c. Lord. One of the most frequent titles ascribed to Jesus is the title “Lord” (kurios). Kurios can be used to refer to the master in a master-slave relationship. However, it is also used as the Greek equivalent to the Hebrew word adonai which was used in the place of Jehovah (YHVH) by Jews who feared that they might blaspheme by mispronouncing the divine name. The LXX version, which is frequently quoted in the New Testament, consistently used kurios to refer to Jehovah. The manner in which kurios is applied to Christ (Mt. 3:3; Rom. 10:13; Jn. 20:28) makes it obvious that they understood Jesus to be Jehovah.

2. The Designation Of Jesus As God. Throughout the Scriptures, the inspired writers refer to Jesus as God; hence, that Jesus was God is obvious from the following evidences:

a. Mt. 1:23 – “Behold, the virgin shall be with child, and shall bear a Son, and they shall call His name Immanuel, which translated means God with us.” This verse ascribes to Jesus a name which means “God with us.” If Jesus was not God, then this description of Jesus was totally inaccurate.

b. Jn. 1:1 – “In the beginning was the Word, and the Word was with God, and the Word was God.” The New World Translation, which was translated and published by the Jehovah’s Witnesses to confirm their unique doctrines, varies from this translation by calling the Word “a god.” It says, “In (the) beginning the Word was, and the Word was with God, and the Word was a god.” The reason why this translation is given is because the definite article does not appear before Theos (God).

The rule that Theos without the article should be translated “a god” and Theos with the article should be translated “God” is inaccurate and not even seriously followed by the Jehovah’s Witnesses. Theos without the article appears in Mt. 5:9; 6:24; Lk. 1:35, 78; Jn. 3:2, 21; 9:16, 33; Rom. 1:7, 17-18; 1 Cor. 1:30; 15:10; Phil. 2:6, 11, 13; Tit. 1:1; etc. but the Jehovah’s Witnesses translate the word “God” in these places because it obviously refers to the Father. Even in Jn. 1:6, 12, 13, 18, Theos appears without the article yet Jehovah’s Witnesses will not follow their rule and translate it “a god” in those verses since it refers to the Father in those contexts. Hence, their rule must be rejected because it is arbitrarily applied on the basis of their preconceived dogmas and it will not stand the test of Greek Scholarship.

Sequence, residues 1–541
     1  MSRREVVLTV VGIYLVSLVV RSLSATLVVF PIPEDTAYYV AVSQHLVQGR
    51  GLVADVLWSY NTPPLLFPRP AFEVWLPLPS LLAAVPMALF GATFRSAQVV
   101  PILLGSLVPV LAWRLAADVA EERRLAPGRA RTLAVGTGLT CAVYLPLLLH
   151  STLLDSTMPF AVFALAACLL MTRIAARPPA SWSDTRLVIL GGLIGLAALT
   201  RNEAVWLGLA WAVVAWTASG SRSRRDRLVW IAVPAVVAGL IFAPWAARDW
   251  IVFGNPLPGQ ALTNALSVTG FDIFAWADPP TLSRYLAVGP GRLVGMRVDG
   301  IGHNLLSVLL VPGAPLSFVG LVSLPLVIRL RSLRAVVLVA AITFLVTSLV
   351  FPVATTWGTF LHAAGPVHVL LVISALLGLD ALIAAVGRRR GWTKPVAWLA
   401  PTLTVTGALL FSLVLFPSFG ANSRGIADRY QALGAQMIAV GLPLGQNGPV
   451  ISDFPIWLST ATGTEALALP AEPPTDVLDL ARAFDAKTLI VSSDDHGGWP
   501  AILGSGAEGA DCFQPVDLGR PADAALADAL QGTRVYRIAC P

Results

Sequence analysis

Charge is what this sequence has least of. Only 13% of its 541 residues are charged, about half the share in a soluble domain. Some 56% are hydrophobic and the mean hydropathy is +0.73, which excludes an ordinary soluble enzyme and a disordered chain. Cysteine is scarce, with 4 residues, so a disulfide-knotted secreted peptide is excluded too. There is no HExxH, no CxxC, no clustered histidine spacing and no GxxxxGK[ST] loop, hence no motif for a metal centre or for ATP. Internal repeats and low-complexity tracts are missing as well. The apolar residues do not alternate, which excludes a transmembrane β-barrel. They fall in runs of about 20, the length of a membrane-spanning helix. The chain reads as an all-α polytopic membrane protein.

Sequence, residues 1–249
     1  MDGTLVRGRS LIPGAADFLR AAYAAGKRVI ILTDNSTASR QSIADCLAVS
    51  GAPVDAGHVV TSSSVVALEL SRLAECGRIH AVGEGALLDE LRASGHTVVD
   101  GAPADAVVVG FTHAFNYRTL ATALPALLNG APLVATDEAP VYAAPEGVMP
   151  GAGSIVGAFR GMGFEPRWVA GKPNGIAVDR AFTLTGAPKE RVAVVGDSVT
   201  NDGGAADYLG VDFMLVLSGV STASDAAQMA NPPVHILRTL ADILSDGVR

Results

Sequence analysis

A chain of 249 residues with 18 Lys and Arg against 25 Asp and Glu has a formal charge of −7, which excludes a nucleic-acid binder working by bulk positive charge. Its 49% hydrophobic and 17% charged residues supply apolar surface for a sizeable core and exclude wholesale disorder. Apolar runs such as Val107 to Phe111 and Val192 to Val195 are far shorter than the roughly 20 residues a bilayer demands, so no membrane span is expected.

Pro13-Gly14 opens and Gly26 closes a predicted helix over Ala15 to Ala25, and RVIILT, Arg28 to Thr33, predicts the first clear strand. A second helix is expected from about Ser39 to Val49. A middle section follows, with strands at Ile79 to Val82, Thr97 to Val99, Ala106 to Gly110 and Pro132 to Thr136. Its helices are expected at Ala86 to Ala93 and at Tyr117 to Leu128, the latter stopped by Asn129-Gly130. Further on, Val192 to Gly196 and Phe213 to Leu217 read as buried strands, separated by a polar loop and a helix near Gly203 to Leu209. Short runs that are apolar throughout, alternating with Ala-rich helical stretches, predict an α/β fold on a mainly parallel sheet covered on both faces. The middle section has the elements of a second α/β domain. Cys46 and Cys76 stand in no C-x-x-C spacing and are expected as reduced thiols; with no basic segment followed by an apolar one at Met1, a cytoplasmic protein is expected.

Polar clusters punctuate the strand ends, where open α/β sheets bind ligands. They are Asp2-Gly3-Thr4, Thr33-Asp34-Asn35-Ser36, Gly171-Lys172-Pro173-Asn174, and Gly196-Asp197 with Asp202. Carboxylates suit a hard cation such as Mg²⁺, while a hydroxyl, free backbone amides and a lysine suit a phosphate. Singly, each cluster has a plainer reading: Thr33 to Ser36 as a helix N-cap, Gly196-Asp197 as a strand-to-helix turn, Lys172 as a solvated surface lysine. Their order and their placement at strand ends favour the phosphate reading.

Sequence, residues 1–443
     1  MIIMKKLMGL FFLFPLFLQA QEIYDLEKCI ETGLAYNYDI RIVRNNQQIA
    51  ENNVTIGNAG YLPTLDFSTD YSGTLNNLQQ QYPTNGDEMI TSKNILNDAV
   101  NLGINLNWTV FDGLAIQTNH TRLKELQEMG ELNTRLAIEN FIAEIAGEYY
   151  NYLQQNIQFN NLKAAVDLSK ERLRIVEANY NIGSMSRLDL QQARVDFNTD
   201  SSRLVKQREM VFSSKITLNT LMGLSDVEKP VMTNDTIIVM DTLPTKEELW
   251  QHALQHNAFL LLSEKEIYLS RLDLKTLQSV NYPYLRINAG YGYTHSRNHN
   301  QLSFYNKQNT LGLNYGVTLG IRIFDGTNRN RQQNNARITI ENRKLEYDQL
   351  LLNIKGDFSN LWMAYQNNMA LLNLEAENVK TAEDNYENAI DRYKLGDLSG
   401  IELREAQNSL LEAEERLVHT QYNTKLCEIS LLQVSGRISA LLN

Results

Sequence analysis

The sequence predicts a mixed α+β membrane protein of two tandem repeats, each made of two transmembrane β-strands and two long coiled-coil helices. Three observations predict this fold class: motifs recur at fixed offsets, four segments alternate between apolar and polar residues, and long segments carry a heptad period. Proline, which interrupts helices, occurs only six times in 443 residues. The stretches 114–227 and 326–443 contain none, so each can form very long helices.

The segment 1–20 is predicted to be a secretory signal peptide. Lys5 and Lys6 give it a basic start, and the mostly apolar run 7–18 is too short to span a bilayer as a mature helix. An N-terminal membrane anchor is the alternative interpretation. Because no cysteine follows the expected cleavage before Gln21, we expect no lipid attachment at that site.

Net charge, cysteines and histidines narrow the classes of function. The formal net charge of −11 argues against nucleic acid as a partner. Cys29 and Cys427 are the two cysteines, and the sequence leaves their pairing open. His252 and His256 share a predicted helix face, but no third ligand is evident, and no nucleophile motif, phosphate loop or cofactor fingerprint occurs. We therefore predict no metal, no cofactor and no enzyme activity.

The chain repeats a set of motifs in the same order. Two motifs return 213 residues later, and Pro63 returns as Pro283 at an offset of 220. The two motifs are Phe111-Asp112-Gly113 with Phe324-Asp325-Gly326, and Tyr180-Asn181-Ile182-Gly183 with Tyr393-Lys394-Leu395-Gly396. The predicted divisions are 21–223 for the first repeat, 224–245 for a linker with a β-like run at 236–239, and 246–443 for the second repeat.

Actually, the giving of rules for the definite article is extremely difficult. Arndt and Gingrich wrote,

“Since the treatment of the inclusion and omission of the art. belongs to the field of grammar, the lexicon can limit itself to exhibiting the main features of its usage. It is difficult to set hard and fast rules for the employment of the art., since the writer’s feeling for style had special freedom of play in this area . . . .”(5)

The writing of rules for usage of the definite article should be approached with excessive caution. Nevertheless, some rules have been formulated. Bruce M. Metzger wrote as follow regarding the Jehovah’s Witnesses’ treatment of Jn. 1:1:

“As a matter of solid fact, however, such a rendering is a frightful mistranslation. It overlooks entirely an established rule of Greek grammar which necessitates the rendering, and the Word was God.” Some years ago Dr. Ernest Cadman Colwell of the University of Chicago pointed out in a study of the Greek definite article that, `A definite predicate nominative has the article when it follows the verb; it does not have the article when it precedes the verb . . . . The opening verse of John’s Gospel contains one of the many passages where this rule suggests the translation of a predicate as a definite noun. The absence of the article (before Theos) does not make the predicate indefinite or qualitative when it precedes the verb; it is indefinite in this position only when the context demands It, The context makes no such demand in the Gospel of John, for this statement cannot be regarded as strange in the prologue of the gospel which reaches Its climax in the confession of Thomas (1n. 20:28, `My Lord and my God’).'”(6)